Things that go Bang! in the night

This week’s Remember the Time Blog Hop has the theme: Halloween

Remember the Time Blog Hop

Growing up in Belfast during The Troubles I did not get to experience fireworks; the sale of these explosive devices was banned throughout Northern Ireland. When we heard the bang of an explosion it was most likely to be a bomb going off, an all too frequent occurrence in the city throughout the 1970s.

Across the water in England there was much talk of bonfire night (5th November) when effigies of Guy Fawkes would be burned and fireworks would be lit in people’s gardens or at organised displays. We did not celebrate this event, preferring the traditions of Halloween.

My mother would dig the inside out of a large turnip (the English call this vegetable a swede) to make a Jack-o’-lantern. The great effort required to do this was lost on me at the time, but I did appreciate the scary face she would carve and the glow when the candle was placed inside and lit. It smelled awful.

I do not remember dressing up and we did not go trick or treating. Our low key parties involved games such as ducking for apples in a basin of water and munching on toffee covered apples that my mother made for us. We would light sparklers in our back yard and swirl these sticks of light around, making momentary trails of miniature stars in the cold dark. I found these thrilling.

Our most memorable Halloween party though was one year when my cousins came over to join us for the evening. They had discovered a new entertainment and brought it over to try: indoor fireworks!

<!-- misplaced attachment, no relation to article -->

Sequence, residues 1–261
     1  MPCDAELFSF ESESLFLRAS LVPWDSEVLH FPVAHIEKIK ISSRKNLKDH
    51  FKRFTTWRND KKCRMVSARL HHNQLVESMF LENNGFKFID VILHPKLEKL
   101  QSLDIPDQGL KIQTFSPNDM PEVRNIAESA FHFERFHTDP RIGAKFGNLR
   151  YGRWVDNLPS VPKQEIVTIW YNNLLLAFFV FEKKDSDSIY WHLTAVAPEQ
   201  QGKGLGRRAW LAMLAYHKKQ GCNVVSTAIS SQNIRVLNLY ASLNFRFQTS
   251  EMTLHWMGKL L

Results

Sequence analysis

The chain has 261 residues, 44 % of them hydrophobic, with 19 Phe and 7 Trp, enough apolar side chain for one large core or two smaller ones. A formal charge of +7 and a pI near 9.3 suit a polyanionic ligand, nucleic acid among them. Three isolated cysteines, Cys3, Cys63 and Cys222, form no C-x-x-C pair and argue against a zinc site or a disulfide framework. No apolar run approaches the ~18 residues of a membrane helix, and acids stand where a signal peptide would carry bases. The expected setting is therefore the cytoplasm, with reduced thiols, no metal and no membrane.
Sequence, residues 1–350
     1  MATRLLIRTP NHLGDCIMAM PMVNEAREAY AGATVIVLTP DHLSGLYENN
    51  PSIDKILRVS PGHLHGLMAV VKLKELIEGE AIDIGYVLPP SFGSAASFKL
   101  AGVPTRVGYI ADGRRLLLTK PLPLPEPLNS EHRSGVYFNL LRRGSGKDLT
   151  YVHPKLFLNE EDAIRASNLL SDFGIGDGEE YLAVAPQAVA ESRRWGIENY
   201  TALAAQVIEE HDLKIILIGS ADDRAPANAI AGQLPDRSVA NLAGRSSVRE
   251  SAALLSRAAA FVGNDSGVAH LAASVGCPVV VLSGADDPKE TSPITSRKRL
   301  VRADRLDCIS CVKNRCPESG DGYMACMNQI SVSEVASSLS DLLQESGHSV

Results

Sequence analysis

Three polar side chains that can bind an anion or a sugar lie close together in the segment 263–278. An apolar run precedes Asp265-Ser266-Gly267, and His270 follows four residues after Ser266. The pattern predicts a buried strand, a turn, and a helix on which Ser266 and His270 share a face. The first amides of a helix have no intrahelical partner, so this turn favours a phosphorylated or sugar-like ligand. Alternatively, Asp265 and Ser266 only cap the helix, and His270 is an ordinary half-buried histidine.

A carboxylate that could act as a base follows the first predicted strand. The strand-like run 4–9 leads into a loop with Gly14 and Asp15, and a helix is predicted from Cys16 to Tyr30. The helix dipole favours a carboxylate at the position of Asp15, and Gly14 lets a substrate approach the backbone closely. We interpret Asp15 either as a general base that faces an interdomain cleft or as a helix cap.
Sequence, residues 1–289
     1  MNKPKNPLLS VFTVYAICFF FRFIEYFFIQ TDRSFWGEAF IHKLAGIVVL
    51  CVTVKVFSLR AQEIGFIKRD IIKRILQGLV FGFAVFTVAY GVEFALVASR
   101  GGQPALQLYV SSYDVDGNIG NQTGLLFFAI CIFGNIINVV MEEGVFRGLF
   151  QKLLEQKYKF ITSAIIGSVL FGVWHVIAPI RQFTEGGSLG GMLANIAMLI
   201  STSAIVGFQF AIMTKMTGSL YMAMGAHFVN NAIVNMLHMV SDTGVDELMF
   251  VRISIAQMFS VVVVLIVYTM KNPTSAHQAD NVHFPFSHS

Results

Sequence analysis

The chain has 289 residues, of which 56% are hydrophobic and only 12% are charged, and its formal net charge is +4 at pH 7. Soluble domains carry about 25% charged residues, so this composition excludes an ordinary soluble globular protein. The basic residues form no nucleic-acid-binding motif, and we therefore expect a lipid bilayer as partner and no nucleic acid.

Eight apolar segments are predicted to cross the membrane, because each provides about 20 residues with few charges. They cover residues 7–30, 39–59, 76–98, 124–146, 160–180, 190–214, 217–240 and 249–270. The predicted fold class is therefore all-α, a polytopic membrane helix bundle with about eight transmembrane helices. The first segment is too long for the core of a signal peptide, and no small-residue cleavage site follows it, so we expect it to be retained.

My parents must have been redecorating our front room as it had no carpet. We four children were sitting on bare floorboards while the adults enjoyed drinks in the back room next door. I guess we knew that this new, exciting amusement would be frowned upon because we did not seek permission to proceed. Instead, we read the instructions carefully and gathered together the implements required: matches and a plate. Unfortunately we selected one of my mother’s best plates, set out ready for the adult’s supper later.

My younger cousin had possession of the pack of fireworks so was the one to prepare the first device and light the fuse. We watched with bated breath, expecting a colourful explosion of light that would fill the room. It was exciting and scary, probably because we could not truly believe that a firework indoors could be safe.

As the lit fuse reached it’s base there was a slight pop and then a mighty crack as the plate holding the non firing firework was sundered. At that moment, perhaps realising (as a parent will) that we children were up to some mischief, my mother walked into the room. We got the explosion we had been waiting for, but not from the anticipated source.

My mother’s plate could not be replaced. She could not comprehend why we had not used an old, cheap item of crockery or, better yet, gone outside (but they were indoor fireworks mummy!). Young kids playing with lit matches on a wooden floor horrified her. I am not sure if there was a crime that we had not committed that night.

The remaining fireworks were removed and we were sent to find less damaging entertainments. Chastened and tearful we each blamed the other for causing such upset. I think we were as put out about the lack of display from the one device we had managed to light; all that trouble caused and not even a show to mollify us.

Halloween has now changed beyond recognition as the American traditions have crossed the water. Candy, costumes and pumpkins have all been adopted with barely an apple in sight. The thrill and fear of what the night may hold has been replaced with a jolly celebration as the ghosts and ghouls become figures of fun to be mocked and played with. If the souls of the dead are still at large, they stay away.